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Increasing plasma potassium with amiloride shortens the QT interval and reduces ventricular extrasystoles but does not change endothelial function or heart rate variability in chronic heart failure
  1. C A J Farquharson,
  2. A D Struthers
  1. University Department of Clinical Pharmacology and Therapeutics, Ninewells Hospital and Medical School, Dundee, UK
  1. Correspondence to:
    Professor A D Struthers, University Department of Clinical Pharmacology and Therapeutics, Ninewells Hospital and Medical School, Dundee DD1 9SY, UK;


Objectives: To test whether simply increasing plasma potassium with amiloride would exert any of the same beneficial effects on “surrogate outcome measures” that are seen with spironolactone. The latter has been shown to improve mortality in chronic heart failure, possibly as a result of improvements in endothelial dysfunction, vascular angiotensin converting enzyme (ACE), autonomic function, myocardial fibrosis, ventricular arrhythmias, and QT interval indices.

Design: Randomised, placebo controlled trial.

Setting: Teaching hospital.

Patients and interventions: Double blind crossover study involving 10 patients with New York Heart Association functional class II–III chronic heart failure comparing 5 mg/day amiloride (one month) with placebo.

Main outcome measures: Endothelial function, vascular ACE, collagen markers, 24 hour ECG, and QT interval results.

Results: The amiloride induced increase in serum potassium (0.4 mmol/l) did not significantly change endothelial dysfunction, vascular ACE, collagen markers, or heart rate variability. However, amiloride significantly improved QT interval indices, reducing both QT dispersion (from 65.7 ms to 50.9 ms, p = 0.001) and mean maximal corrected QT (from 445 ms to 435 ms, p = 0.008). Amiloride also reduced ventricular extrasystoles (p < 0.05).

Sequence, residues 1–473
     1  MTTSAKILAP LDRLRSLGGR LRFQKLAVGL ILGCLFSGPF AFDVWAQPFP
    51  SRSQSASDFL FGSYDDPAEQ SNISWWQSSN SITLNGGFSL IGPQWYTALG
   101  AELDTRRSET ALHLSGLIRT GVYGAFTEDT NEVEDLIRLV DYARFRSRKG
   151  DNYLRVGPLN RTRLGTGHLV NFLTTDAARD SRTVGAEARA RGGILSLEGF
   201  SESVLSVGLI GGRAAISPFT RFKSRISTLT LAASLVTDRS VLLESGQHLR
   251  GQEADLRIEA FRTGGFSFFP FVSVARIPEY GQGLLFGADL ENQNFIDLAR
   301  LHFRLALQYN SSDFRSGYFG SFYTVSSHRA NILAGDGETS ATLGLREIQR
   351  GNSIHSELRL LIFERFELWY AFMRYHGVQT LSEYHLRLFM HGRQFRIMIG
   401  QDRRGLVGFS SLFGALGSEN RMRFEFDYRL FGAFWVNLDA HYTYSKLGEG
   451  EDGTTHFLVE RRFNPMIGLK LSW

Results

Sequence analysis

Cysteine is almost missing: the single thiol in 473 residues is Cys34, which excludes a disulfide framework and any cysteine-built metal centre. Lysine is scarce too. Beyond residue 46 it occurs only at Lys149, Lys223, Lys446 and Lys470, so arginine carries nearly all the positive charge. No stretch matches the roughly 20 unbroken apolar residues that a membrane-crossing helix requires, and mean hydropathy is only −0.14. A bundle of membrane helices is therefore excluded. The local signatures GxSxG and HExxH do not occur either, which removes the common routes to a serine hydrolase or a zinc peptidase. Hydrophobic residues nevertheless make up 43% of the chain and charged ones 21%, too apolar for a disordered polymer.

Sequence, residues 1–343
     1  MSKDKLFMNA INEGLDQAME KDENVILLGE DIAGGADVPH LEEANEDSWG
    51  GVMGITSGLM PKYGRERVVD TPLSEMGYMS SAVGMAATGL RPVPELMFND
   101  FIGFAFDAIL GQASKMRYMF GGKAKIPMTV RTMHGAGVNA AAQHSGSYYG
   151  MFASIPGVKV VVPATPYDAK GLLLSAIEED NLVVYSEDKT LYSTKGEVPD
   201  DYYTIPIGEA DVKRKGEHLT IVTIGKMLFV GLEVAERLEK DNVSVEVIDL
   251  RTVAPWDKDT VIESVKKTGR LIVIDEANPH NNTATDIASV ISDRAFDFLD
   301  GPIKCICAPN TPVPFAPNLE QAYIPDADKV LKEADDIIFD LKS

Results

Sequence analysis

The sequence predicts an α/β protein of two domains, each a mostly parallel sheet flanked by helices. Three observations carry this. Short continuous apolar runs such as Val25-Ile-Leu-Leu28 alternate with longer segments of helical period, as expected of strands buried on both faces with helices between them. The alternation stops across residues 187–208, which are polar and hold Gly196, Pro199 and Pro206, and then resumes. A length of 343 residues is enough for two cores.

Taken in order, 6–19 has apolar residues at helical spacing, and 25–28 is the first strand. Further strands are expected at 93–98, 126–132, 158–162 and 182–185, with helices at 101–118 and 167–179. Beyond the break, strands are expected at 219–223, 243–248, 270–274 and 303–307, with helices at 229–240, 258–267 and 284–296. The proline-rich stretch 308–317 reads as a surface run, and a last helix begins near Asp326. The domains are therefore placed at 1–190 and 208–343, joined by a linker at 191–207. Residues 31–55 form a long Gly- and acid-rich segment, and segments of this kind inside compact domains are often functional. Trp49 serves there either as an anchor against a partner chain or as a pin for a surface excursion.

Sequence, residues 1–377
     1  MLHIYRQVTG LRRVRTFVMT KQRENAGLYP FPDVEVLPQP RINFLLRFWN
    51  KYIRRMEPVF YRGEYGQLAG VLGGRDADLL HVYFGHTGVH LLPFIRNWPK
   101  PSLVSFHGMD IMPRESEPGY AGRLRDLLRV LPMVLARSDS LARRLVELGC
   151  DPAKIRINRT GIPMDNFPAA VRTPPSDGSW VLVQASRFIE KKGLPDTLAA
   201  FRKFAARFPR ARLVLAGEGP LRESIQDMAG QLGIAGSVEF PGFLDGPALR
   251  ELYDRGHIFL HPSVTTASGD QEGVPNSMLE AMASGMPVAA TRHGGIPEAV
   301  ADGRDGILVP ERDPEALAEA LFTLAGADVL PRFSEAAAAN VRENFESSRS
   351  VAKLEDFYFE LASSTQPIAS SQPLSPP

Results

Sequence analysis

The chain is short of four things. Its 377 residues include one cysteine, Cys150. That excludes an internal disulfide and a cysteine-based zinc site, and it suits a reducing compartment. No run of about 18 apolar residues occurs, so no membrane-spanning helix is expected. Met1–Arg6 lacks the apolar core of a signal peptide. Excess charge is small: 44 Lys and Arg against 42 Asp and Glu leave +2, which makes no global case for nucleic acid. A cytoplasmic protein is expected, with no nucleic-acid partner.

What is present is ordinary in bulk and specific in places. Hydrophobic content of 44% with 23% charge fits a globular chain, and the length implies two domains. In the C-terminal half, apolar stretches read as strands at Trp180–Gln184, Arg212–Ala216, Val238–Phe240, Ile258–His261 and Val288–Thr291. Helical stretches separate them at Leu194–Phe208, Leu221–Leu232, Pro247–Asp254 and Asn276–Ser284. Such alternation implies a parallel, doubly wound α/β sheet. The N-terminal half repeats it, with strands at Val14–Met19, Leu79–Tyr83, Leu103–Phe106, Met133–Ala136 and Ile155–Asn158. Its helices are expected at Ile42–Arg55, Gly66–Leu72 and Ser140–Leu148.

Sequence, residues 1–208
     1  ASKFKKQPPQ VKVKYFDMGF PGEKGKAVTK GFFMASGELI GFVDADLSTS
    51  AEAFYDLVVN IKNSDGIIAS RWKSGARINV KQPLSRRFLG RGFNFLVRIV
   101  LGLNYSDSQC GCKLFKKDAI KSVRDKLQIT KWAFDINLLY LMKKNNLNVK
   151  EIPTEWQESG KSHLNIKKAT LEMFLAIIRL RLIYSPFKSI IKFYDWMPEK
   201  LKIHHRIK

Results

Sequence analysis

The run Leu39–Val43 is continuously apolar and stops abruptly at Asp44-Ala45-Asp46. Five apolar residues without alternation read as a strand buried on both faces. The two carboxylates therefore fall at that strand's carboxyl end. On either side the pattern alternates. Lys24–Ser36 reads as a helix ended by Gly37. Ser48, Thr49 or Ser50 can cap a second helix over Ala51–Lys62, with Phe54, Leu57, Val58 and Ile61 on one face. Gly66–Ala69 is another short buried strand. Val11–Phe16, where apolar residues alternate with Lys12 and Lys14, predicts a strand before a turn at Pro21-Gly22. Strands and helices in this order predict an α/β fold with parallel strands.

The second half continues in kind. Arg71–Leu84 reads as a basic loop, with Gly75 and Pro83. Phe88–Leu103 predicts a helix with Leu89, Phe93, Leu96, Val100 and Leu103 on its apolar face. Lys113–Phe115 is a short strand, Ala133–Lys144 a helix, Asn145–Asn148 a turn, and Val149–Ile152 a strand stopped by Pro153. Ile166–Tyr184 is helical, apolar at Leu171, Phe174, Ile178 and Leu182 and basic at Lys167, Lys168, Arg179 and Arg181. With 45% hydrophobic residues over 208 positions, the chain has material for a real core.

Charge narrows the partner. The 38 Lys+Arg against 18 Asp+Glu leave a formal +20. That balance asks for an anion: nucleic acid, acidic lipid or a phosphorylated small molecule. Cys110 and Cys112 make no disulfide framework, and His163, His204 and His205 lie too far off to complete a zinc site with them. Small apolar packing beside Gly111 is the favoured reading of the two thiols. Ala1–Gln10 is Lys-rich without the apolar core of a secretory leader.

Conclusions: Amiloride shortens QT interval length and reduces ventricular extrasystoles in chronic heart failure, implying that this effect is caused by potassium retention per se. However, unlike spironolactone, amiloride did not improve endothelial dysfunction, vascular ACE, heart rate variability, or myocardial fibrosis, implying that spironolactone improves these latter effects by aldosterone blockade rather than by simply increasing serum potassium. Therefore, amiloride has fewer beneficial mechanistic effects than spironolactone, but it does share with spironolactone the ability to shorten the QT interval and reduce ventricular extrasystoles.

  • aldosterone blockade
  • potassium
  • chronic heart failure
  • endothelial function
  • ACE, angiotensin converting enzyme
  • CHF, chronic heart failure
  • HOPE, heart outcomes prevention evaluation
  • HRV, heart rate variability
  • L-NMMA, NG-monomethyl-l-arginine
  • NO, nitric oxide
  • NYHA, New York Heart Association
  • PIIINP, procollagen type III amino terminal peptide
  • QTc, corrected QT interval
  • QTcd, corrected QT interval dispersion
  • QTd, QT interval dispersion
  • RALES, randomized aldactone evaluation study
  • SOLVD, studies of left ventricular dysfunction
  • UK-HEART, United Kingdom heart failure evaluation and assessment of risk trial

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